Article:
Singapore’s Proposed Approach to Tackling Missing Trader Fraud

Kluwer International Tax Blog, 2020

3 Pages Posted: 12 Nov 2020

See all articles by Vincent Ooi

Vincent Ooi

Singapore Management University - School of Law; Singapore Management University - Centre for AI & Data Governance

Date Written: September 22, 2020

Abstract

In the Draft Goods and Services Tax (Amendment) Bill 2020 (the “Draft Bill”), Singapore proposes a new framework to deal with the problem of MTF. The approach is neatly summarized by a document released by the Singapore Ministry of Finance: “Annex: Proposed Changes to the Goods and Services Tax Act”, of which one point is of particular interest. The document states that the proposed legislative amendments will “allow the Comptroller of GST to deny a GST-registered business’ input GST claim, if the business knew or should have known that his purchase was part of or connected with a fraudulent arrangement. The burden of proving that the business knew or should have known of the fraudulent arrangement lies on the Comptroller, with the standard of proof being the balance of probabilities. This is similar to the approach taken in the United Kingdom (“UK”) and the European Union to safeguard tax revenue.”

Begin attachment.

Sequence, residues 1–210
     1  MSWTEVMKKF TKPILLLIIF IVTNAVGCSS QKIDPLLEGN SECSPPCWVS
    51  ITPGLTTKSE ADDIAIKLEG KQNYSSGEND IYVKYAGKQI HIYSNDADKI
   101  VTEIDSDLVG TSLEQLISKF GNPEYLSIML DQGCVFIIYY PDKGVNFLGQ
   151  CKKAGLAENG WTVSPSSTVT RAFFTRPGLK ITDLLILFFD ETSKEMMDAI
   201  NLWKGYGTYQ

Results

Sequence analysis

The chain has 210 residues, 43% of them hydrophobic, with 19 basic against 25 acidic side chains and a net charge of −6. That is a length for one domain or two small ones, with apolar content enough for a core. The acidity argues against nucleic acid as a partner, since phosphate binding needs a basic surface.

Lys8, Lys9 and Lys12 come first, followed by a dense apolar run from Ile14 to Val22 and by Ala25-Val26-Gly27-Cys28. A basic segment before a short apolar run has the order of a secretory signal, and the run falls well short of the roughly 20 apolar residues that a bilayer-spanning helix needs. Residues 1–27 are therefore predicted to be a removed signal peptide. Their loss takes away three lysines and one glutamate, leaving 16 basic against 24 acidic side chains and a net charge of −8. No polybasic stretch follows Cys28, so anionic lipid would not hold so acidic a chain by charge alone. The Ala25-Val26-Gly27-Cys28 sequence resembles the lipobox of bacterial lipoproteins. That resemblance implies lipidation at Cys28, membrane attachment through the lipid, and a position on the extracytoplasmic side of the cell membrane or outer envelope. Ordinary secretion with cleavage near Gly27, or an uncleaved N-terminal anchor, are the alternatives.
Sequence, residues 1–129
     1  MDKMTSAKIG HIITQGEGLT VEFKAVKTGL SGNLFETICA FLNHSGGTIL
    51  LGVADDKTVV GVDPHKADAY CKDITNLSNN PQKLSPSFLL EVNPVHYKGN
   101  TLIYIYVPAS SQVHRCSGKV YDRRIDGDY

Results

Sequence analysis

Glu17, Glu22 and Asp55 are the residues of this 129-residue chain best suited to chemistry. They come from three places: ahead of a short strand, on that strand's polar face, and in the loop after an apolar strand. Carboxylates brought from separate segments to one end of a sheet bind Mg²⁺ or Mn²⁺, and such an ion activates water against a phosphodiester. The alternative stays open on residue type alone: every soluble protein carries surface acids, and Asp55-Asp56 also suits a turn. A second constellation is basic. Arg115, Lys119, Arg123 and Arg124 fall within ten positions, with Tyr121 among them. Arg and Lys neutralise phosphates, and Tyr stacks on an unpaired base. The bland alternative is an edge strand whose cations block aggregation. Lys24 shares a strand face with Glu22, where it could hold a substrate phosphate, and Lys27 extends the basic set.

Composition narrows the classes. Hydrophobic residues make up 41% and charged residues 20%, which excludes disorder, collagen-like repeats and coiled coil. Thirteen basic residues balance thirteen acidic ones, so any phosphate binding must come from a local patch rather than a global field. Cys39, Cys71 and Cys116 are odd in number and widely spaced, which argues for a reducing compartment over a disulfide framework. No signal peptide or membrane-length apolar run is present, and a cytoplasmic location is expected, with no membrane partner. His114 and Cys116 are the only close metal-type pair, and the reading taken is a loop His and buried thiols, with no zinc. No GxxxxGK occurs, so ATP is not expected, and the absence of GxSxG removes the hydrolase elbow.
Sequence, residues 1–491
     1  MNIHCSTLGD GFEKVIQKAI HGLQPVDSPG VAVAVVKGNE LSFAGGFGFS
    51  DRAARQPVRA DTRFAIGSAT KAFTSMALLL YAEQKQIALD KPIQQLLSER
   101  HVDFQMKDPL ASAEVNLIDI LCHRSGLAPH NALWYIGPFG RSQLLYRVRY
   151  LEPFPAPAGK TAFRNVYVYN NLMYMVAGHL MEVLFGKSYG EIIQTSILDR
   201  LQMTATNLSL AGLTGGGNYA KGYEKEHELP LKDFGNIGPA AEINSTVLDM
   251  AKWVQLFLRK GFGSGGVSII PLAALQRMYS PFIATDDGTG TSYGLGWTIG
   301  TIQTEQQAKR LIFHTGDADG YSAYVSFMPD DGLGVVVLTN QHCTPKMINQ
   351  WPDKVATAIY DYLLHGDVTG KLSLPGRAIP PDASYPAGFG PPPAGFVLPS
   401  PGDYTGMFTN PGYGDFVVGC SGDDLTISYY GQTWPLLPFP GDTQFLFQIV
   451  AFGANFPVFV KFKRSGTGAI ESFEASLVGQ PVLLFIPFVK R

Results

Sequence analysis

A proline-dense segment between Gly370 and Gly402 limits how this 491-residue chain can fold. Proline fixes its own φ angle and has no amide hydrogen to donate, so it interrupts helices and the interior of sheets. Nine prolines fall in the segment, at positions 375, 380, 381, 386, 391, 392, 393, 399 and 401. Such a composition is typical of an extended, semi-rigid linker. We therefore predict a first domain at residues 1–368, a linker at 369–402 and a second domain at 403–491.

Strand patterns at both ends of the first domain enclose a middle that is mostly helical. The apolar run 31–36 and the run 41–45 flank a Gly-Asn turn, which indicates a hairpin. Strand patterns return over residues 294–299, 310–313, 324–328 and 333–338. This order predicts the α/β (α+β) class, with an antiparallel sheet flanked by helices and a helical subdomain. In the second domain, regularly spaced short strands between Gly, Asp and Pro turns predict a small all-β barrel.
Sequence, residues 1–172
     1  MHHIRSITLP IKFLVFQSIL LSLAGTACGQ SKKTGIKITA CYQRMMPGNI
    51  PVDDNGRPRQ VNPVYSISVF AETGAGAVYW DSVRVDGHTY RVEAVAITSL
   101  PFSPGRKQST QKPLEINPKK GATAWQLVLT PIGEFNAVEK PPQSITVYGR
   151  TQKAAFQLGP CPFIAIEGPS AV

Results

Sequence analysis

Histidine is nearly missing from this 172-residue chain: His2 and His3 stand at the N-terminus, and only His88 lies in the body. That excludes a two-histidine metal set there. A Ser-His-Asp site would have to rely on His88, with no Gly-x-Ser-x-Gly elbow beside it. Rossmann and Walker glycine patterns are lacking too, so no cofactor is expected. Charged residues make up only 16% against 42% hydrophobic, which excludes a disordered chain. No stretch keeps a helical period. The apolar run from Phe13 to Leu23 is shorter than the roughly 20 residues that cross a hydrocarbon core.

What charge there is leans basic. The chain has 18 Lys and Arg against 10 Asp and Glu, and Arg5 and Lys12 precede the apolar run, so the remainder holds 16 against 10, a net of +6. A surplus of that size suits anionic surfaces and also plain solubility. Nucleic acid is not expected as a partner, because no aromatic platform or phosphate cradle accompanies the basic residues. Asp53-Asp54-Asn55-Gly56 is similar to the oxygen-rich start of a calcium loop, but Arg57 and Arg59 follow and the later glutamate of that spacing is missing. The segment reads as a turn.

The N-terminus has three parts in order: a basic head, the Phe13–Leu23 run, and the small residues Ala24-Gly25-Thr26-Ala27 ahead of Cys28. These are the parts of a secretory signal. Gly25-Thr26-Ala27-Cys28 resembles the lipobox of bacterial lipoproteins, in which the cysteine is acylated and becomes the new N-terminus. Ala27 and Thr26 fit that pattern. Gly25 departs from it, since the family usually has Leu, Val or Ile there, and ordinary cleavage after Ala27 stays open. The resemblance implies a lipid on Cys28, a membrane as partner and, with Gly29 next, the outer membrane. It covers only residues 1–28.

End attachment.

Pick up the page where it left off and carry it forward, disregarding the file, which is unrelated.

Keywords: Carousel Fraud, VAT, GST, Missing Trader Fraud, Singapore Tax

Suggested Citation

Ooi, Vincent, Singapore’s Proposed Approach to Tackling Missing Trader Fraud (September 22, 2020). Kluwer International Tax Blog, 2020, Available at SSRN: https://ssrn.com/abstract=3698508 or http://dx.doi.org/10.2139/ssrn.3698508

Vincent Ooi (Contact Author)

Singapore Management University - School of Law ( email )

55 Armenian Street
Singapore, 179943
Singapore

HOME PAGE: http://vincentooi.com

Singapore Management University - Centre for AI & Data Governance ( email )

55 Armenian Street
Singapore
Singapore

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